Supported employment for people with severe mental illness: systematic review and meta-analysis of the international evidence

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Abstract

Background

Individual placement and support (IPS) is a vocational rehabilitation programme that was developed in the USA to improve employment outcomes for people with severe mental illness. Its ability to be generalised to other countries and its effectiveness in varying economic conditions remains to be ascertained.

Aims

To investigate whether IPS is effective across international settings and in different economic conditions.

Method

A systematic review and meta-analysis of randomised controlled trials comparing IPS with traditional vocational services was undertaken; 17 studies, as well as 2 follow-up studies, were included. Meta-regressions were carried out to examine whether IPS effectiveness varied according to geographic location, unemployment rates or gross domestic product (GDP) growth.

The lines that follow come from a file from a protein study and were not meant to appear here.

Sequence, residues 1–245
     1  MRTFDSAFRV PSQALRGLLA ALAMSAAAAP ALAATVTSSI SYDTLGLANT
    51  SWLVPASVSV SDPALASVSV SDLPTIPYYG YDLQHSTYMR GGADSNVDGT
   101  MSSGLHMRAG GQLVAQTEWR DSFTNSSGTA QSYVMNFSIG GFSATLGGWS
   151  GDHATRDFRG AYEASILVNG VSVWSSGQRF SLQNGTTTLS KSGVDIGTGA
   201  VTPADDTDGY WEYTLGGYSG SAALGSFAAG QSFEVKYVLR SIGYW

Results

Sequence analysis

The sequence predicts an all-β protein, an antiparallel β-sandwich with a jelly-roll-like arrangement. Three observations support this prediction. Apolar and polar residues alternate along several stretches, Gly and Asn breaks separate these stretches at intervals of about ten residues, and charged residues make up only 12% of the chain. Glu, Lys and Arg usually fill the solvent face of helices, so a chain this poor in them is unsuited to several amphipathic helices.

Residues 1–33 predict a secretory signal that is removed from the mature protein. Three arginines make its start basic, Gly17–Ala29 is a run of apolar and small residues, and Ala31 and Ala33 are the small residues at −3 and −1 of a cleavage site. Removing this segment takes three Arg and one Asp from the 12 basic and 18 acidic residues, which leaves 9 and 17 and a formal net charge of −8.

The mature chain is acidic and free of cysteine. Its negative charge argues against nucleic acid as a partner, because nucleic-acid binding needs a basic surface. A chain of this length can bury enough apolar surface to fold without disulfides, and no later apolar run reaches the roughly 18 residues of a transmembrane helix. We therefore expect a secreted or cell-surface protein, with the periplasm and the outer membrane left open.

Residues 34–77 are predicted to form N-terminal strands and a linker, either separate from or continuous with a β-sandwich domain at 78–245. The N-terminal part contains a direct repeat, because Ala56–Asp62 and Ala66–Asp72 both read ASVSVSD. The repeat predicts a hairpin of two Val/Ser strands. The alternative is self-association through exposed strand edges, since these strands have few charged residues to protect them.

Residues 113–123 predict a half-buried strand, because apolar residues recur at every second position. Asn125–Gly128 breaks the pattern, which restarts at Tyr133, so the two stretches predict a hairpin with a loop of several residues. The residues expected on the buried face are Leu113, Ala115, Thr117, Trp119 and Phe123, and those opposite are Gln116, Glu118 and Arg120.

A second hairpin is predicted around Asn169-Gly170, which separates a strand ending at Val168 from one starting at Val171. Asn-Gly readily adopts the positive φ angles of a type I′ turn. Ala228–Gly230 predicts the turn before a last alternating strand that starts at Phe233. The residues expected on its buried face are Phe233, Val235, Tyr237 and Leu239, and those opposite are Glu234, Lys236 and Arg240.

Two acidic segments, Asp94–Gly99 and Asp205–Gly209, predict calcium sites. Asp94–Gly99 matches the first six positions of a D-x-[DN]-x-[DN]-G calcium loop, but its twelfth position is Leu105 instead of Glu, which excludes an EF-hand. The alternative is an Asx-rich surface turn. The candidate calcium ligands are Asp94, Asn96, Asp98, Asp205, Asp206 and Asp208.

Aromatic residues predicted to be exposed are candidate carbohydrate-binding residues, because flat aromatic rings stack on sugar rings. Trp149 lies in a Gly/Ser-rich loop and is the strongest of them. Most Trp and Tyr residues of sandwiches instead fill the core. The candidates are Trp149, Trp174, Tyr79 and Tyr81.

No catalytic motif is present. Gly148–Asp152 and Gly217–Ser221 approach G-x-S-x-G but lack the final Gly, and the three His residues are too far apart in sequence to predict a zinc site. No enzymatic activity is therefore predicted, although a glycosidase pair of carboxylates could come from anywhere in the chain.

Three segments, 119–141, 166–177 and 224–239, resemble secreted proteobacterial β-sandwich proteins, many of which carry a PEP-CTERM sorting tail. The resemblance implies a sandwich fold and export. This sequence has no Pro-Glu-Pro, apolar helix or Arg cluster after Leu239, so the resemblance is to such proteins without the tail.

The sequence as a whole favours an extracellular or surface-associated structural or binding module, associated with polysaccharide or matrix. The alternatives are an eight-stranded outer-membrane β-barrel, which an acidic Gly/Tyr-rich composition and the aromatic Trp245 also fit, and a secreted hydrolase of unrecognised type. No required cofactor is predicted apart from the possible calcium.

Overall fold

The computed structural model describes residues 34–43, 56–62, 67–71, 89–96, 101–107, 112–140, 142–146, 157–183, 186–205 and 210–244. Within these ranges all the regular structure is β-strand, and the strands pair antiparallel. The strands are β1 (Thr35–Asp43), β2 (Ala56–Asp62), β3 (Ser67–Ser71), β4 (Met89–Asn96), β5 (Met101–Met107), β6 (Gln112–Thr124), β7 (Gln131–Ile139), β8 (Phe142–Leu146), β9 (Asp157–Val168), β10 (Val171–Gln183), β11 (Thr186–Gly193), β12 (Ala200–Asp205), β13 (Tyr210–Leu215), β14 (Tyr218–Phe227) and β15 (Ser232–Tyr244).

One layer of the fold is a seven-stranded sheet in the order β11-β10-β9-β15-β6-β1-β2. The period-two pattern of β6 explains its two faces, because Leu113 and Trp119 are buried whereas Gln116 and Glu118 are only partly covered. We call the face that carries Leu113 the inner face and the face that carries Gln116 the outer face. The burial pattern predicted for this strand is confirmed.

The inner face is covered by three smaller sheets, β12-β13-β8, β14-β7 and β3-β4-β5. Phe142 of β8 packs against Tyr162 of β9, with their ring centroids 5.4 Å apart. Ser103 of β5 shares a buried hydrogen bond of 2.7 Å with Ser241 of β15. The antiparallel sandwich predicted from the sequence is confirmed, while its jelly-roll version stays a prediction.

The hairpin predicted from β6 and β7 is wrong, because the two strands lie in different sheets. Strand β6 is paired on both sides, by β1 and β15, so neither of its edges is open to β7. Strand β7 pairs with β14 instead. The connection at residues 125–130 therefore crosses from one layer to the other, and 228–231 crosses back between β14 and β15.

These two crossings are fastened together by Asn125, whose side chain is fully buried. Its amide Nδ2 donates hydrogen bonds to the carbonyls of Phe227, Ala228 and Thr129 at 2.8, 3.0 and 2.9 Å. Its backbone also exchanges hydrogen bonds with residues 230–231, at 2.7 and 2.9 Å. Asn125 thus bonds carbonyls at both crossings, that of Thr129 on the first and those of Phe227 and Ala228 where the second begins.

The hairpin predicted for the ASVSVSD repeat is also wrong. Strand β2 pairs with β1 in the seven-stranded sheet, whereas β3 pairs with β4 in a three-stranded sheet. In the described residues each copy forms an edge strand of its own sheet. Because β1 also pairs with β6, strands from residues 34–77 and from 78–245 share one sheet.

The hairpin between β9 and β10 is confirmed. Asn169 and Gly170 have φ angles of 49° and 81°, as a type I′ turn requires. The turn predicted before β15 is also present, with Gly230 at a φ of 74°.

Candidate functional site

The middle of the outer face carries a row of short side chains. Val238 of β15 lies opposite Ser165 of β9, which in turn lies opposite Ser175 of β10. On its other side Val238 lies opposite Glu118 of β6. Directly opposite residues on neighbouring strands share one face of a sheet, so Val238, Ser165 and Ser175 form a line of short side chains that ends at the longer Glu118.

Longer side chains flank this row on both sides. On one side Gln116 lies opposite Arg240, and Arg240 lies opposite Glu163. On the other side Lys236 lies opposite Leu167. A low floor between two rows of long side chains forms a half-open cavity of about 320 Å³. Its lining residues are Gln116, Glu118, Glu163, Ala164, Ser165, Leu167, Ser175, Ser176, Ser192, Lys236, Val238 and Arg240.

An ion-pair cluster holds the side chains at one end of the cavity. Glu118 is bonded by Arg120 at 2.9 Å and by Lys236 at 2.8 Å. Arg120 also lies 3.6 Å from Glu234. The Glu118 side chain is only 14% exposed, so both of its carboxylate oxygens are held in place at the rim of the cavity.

Results

The overall pooled risk ratio for competitive employment using IPS compared with traditional vocational rehabilitation was 2.40 (95% CI 1.99–2.90). Meta-regressions indicated that neither geographic area nor unemployment rates affected the overall effectiveness of IPS. Even when a country's GDP growth was less than 2% IPS was significantly more effective than traditional vocational training, and its benefits remained evident over 2 years.

Conclusions

Individual placement and support is an effective intervention across a variety of settings and economic conditions and is more than twice as likely to lead to competitive employment when compared with traditional vocational rehabilitation.

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